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Booster-dose SARS-CoV-2 vaccination in patients with autoimmune disease: a case series
  1. Caoilfhionn M Connolly1,
  2. Mayan Teles2,
  3. Sarah Frey2,
  4. Brian J Boyarsky2,
  5. Jennifer L Alejo2,
  6. William A Werbel3,
  7. Jemima Albayda1,
  8. Lisa Christopher-Stine1,
  9. Jacqueline Garonzik-Wang2,
  10. Dorry L Segev2,4,
  11. Julie J Paik1
  1. 1 Division of Rheumatology, Johns Hopkins University, Baltimore, Maryland, USA
  2. 2 Surgery, Johns Hopkins University, Baltimore, Maryland, USA
  3. 3 Infectious Diseases, Johns Hopkins University, Baltimore, Maryland, USA
  4. 4 Johns Hopkins University Bloomberg School of Public Health, Baltimore, Maryland, USA
  1. Correspondence to Dr Dorry L Segev, Surgery, Johns Hopkins, Baltimore, Maryland, USA; dorry{at}

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An attenuated humoral response to SARS-CoV-2 vaccination has been observed in some patients with autoimmune disease,1 2 and immunosuppressed status has been associated with an increased risk of COVID-19 infection despite vaccination.3 Recent studies have demonstrated enhanced humoral response to third-dose SARS-CoV-2 vaccination in immunosuppressed transplant patients,4 5 but the immunogenicity of booster vaccination in other immunosuppressed populations is unknown. Thus, we sought to describe the humoral response in patients with autoimmune disease who received a booster SARS-CoV-2 vaccine.

Using our prospective cohort of patients with autoimmune disease,5 we included patients who reported receipt of a single booster dose of SARS-CoV-2 mRNA or adenovirus vector vaccine between 10 April and 11 June 2021. We observed serial anti-spike antibody responses among these participants.

A total of 18 participants received a booster SARS-CoV-2 vaccine dose (table 1). Most (13/18) were women with median (IQR) age of 55 (44–63) years. The most common autoimmune diagnoses included myositis (n=6) and inflammatory arthritis (n=3). Most (14/18) were on antimetabolite therapy; mycophenolate was the most commonly reported immunosuppressive therapy (n=8), with a median (IQR) daily dose of 3000 mg (2500–3000 mg). Participants completed initial vaccination with either Pfizer (n=8), Moderna (n=6) or Johnson & Johnson/Janssen (J&J) Ad26.COV2.S (n=4).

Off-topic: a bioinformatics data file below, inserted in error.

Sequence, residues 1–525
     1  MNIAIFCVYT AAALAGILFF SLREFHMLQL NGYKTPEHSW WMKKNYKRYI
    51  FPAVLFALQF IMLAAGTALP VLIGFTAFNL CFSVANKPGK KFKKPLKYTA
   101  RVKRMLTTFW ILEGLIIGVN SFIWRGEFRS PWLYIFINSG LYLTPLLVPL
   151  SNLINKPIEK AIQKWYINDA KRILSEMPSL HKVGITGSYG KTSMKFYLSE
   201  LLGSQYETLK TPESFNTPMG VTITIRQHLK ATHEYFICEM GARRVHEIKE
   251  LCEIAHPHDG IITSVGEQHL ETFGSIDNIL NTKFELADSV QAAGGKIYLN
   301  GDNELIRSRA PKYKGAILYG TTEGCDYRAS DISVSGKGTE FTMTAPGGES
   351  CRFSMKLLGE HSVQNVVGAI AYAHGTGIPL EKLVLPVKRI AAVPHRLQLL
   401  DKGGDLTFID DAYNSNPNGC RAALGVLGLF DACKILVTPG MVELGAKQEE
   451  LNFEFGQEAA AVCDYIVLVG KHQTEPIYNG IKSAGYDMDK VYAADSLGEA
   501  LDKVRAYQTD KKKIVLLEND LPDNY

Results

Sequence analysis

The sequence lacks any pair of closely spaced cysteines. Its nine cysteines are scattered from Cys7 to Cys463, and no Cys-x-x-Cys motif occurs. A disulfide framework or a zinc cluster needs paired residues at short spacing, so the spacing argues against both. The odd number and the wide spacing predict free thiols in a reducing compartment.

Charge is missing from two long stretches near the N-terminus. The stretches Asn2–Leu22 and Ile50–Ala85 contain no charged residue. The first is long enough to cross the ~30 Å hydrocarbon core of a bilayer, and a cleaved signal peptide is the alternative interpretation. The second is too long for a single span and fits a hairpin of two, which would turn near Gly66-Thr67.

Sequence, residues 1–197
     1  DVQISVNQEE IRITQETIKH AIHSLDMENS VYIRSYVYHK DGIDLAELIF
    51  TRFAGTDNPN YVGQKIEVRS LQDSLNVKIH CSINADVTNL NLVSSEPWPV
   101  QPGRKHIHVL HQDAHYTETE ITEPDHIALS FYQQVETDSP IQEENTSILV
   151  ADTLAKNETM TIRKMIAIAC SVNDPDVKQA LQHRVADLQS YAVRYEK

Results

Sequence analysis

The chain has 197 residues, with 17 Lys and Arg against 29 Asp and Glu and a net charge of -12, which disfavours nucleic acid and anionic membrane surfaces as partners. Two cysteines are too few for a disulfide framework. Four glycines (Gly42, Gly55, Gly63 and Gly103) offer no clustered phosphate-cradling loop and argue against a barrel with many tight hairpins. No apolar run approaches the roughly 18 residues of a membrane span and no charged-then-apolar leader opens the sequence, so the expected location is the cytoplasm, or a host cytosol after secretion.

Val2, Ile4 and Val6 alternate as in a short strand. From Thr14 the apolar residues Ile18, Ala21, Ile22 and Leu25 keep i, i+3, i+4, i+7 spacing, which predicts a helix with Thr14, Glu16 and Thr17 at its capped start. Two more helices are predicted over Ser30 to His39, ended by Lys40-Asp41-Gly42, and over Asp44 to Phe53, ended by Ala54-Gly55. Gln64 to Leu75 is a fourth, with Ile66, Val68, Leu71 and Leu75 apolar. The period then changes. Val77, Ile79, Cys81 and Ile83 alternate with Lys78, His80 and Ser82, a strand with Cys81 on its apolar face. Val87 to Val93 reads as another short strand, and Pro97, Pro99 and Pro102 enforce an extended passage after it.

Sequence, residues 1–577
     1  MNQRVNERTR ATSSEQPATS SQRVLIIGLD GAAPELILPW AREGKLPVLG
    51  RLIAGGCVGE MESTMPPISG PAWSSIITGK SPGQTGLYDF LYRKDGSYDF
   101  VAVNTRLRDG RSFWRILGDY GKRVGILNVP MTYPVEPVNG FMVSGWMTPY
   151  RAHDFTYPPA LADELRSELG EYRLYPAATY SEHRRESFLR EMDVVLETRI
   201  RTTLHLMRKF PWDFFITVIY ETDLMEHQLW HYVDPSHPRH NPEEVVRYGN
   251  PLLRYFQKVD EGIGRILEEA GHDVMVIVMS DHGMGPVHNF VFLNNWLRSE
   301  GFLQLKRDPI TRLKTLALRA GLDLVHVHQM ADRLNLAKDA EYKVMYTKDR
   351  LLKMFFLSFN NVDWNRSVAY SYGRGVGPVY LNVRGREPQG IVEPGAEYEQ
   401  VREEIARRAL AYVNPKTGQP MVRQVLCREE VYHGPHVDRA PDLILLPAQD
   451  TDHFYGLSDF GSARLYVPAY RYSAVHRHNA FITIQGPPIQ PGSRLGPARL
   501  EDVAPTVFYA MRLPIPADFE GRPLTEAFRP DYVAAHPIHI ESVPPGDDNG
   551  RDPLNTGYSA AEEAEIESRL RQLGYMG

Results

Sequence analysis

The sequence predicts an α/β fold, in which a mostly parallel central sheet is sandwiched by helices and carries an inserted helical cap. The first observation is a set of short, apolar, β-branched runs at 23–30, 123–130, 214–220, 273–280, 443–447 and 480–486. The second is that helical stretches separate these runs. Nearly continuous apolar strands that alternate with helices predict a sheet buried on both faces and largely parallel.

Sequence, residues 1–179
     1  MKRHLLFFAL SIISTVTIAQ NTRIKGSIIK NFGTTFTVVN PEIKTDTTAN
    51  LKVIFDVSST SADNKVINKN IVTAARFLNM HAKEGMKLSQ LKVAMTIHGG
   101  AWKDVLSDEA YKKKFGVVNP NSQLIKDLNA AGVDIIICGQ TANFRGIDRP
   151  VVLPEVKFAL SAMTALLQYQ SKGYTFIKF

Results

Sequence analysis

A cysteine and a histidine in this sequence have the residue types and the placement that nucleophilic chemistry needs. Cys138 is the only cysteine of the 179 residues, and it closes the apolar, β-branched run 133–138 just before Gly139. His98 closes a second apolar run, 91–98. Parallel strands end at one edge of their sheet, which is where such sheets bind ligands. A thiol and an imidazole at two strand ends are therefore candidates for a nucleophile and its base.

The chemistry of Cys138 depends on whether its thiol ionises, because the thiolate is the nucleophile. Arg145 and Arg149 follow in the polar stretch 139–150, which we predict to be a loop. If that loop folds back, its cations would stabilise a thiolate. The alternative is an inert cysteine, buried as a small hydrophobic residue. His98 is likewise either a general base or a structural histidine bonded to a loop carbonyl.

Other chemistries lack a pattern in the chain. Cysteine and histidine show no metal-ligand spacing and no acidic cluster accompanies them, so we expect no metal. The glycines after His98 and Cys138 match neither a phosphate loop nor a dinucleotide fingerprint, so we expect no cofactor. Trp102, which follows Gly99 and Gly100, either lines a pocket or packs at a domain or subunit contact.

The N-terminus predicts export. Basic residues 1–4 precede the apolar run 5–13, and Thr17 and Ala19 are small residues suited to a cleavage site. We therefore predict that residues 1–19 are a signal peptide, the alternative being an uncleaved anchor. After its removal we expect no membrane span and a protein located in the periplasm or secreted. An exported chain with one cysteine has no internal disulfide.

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Table 1

Vaccines administered, autoimmune diagnoses, immunosuppression and peri-vaccination management with longitudinal anti-spike antibody responses

Anti-spike antibodies, evaluated via Roche Elecsys anti-RBD pan-Ig were negative in 10 participants (anti-RBD <0.8 U/mL) and low-positive (anti-RBD …

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  • Handling editor Josef S Smolen

  • Twitter @CaoilfhionnMD, @JenLAlejo

  • Contributors CMC, MT, SF, BJB, JLA, JA, LC-S, WAW, JG-W, DLS, JJP substantially contributed to the conception or design of the work; or the acquisition, analysis or interpretation of data for the work. CMC, MT, SF, BJB, JLA, JA, LC-S, WAW, JG-W, DLS, JJP contributed to drafting the work or revising it critically for important intellectual content. CMC, MT, SF, BJB, JLA, JA, LC-S, WAW, JG-W, DLS, JJP contributed to final approval of the version to be published. CMC, BJB, JLA, DLS, JJP contributed to agreement to be accountable for all aspects of the work in ensuring that questions related to the accuracy or integrity of any part of the work are appropriately investigated and resolved.

  • Funding This work was supported by grant number F32DK124941 (Boyarsky), 5T32DK007713 (Alejo) and K23DK115908 (Garonzik‐Wang) from the National Institute of Diabetes and Digestive and Kidney Diseases (NIDDK), K24AI144954 (Segev) from National Institute of Allergy and Infectious Diseases (NIAID), K23AR073927 (Paik) from National Institute of Arthritis and Musculoskeletal and Skin Diseases (NIAIM).

  • Disclaimer The analyses described here are the responsibility of the authors alone and do not necessarily reflect the views or policies of the Department of Health and Human Services, nor does mention of trade names, commercial products or organisations imply endorsement by the US Government.

  • Competing interests DLS has the following financial disclosures: consulting and speaking honoraria from Sanofi, Novartis, CSL Behring, Jazz Pharmaceuticals, Veloxis, Mallincrodt, Thermo Fisher Scientific. LC-S has the following financial disclosures: consultant fees from Janssen, Boehringer-Ingelheim, Mallinckrodt, EMD-Serono, Allogene and ArgenX.

  • Provenance and peer review Not commissioned; externally peer reviewed.

  • Supplemental material This content has been supplied by the author(s). It has not been vetted by BMJ Publishing Group Limited (BMJ) and may not have been peer-reviewed. Any opinions or recommendations discussed are solely those of the author(s) and are not endorsed by BMJ. BMJ disclaims all liability and responsibility arising from any reliance placed on the content. Where the content includes any translated material, BMJ does not warrant the accuracy and reliability of the translations (including but not limited to local regulations, clinical guidelines, terminology, drug names and drug dosages), and is not responsible for any error and/or omissions arising from translation and adaptation or otherwise.